A crowd of around 60 people gathered in Rainbow on Thursday to hear an update on the Rainbow Radar project, which is on track to be switched on early next year.
Representatives from the partner organisations visited the site south of Rainbow on Thursday morning for a ‘sod turning’ ceremony before hosting a public information and question-and-answer session at the Rainbow Bowling Club.
Victorian Agriculture Minister Jaclyn Symes was in the district to inspect the progress at the site and introduced herself to the crowd at the forum in Rainbow.
Site works for the $9.2 million project are progressing well with the base concrete slab having been poured recently. The 30-metre tower that will hold up the radar will be assembled on site from prefabricated sections within the next two months, with the radar itself to follow.
The radar – a dual polarisation Doppler radar – has been built in Germany and is currently in Melbourne awaiting the completion of preliminary site works.
Dr Andrew Tupper (pictured above) from the Bureau of Meteorology explained to the audience the advantages that the new radar will bring to the region and beyond.
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The current ‘blackhole’ between the Mildura and Mount Gambier radar sites will be nicely filled by the Rainbow Radar, particularly given the state-of-the-art technology employed in this site, that the other two sites do not currently have.
While not used for long-term forecasting, radar is used extensively for identifying what is happening in real-time.
Real-time radar imagery allows users to track approaching weather systems and predict more accurately where and when rain may fall, and hail and storms may hit.
This can be of vital importance for farmers, who often need to make weather-dependant decisions such as when to apply chemicals or fertiliser.
The radar presentation was followed by an informative weather presentation by Dale Grey from Agriculture Victoria’s Bendigo office.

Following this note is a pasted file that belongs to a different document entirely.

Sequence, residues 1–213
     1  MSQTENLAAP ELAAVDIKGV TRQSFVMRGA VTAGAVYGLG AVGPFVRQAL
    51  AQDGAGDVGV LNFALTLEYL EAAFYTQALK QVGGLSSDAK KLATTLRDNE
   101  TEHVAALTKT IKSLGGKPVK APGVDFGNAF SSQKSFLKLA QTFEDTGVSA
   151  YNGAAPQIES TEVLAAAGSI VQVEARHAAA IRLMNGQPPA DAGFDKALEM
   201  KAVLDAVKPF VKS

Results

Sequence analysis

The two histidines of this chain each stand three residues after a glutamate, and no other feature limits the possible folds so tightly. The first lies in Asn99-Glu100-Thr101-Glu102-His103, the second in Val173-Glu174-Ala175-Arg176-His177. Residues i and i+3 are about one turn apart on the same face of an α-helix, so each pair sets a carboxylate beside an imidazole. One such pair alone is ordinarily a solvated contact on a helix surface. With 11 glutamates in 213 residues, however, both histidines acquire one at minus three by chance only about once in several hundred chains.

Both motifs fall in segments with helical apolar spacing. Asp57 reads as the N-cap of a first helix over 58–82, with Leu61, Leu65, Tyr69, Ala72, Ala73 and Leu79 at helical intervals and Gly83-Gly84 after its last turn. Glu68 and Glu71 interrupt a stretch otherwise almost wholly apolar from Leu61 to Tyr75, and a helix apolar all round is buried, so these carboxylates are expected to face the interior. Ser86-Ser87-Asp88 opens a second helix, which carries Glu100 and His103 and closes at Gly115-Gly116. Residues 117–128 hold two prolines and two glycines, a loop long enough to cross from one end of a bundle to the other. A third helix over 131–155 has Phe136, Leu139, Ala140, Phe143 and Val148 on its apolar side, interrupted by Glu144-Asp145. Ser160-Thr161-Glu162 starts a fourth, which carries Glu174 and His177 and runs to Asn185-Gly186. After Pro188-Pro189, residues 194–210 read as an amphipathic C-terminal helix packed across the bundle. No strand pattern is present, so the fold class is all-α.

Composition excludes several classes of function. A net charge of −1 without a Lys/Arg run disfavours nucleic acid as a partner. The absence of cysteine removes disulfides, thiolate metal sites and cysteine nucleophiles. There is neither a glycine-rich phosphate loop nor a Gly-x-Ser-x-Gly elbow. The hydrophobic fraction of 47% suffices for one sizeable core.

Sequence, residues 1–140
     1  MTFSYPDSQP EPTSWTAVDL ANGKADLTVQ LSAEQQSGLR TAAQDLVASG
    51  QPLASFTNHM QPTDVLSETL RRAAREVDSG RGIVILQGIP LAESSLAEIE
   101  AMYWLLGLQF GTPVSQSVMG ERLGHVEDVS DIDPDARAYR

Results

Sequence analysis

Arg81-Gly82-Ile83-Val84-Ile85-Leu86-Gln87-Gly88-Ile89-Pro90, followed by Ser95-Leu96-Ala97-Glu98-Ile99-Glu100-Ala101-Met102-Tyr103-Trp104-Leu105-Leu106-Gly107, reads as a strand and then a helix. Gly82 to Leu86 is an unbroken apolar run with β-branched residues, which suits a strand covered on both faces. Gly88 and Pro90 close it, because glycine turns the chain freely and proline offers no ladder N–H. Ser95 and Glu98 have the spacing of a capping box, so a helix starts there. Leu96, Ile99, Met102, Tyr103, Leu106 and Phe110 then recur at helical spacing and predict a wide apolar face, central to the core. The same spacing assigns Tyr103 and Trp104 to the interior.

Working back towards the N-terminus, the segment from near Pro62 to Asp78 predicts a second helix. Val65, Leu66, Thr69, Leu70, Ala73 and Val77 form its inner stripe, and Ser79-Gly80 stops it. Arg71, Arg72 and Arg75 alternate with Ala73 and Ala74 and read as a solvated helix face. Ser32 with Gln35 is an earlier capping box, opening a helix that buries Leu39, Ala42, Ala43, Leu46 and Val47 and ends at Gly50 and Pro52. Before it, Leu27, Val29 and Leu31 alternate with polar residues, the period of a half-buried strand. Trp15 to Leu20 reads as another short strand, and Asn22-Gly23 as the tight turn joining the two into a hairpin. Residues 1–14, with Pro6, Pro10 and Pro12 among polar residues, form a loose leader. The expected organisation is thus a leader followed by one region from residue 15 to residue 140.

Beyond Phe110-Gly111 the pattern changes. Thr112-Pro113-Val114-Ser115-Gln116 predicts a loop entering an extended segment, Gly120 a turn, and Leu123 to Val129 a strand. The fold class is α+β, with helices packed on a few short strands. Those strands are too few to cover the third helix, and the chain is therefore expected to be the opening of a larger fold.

He gave an overview of how rain bands form over the oceans north and west of Australia and make their way to us here in Victoria, and how ocean conditions thousands of kilometres away from us here in the Wimmera Mallee play a vital role in our rainfall.
Graphs and charts supported his seasonal outlook talk for the remainder of 2019.
The representatives of the organisations involved in the project – Dale Grey (Agriculture Victoria), Dr Andrew Tupper (BoM), Nichole Brinsmead (Group Exec. Data & Digital, BoM) and Melinda Knapp (Chair of Steering Committee, from Agriculture Victoria) – led by Justine Severin from Agriculture Victoria – answered questions from the audience before the afternoon tea was brought out by members of the Rainbow Bowling Club.
Wimmera Development Association and Regional Development Victoria are also partners in the project.
Naming the new radar
As for the name of the new radar – which has proven to be a topic of much discussion – the steering committee has decided that it will be known as the ‘Rainbow Radar’.
“Personally, I think it’s the coolest radar name in the country,” Dr Tupper said.
Many view the radar as being in the Mallee – as opposed to the Wimmera – as it sits on the northern side of the Pullut West Road, which follows the traditional boundary between the Wimmera and Mallee along the old Netting Fence.
The steering committee had considered ‘Wimmera Southern Mallee Radar’ but decided upon the much more concise Rainbow Radar name.
Could the radar become a canvas?
During the question and answer session at the end, it was asked whether the golf ball-like structure could become a canvas for an artwork, much like grain silos across the region.
The steering committee has discussed the idea of having a mural painted on the structure, although no decision has been made yet as the logistics and operational requirements need to be further considered.
”Better than Mildura, Mt Gambier”
The new dual polarisation Doppler radar will provide a better image of what weather is out there than the current Mildura and Mount Gambier radars, mostly due to the dual polarisation aspect of it.
By sending out horizontal and vertical radio waves, this unit will be able to better ascertain what exactly is out there – rain versus hail, for example.
When compared to the Mildura radar in particular, which is one of the oldest in the BoM’s radar network, Rainbow will provide a much better image. Mildura’s current radar is essentially at roof level and struggles at times with getting over the tree line. Rainbow has the clear advantage of being both on top of a hill and a 30-metre tower.
Planning is in progress however to relocate and upgrade Mildura’s radar within the next couple of years, after which it will be on par with Rainbow’s.
VIDEO: How does a weather radar work? - BoM
Below is a short video by the BoM that gives a good explanation of how radar sites work.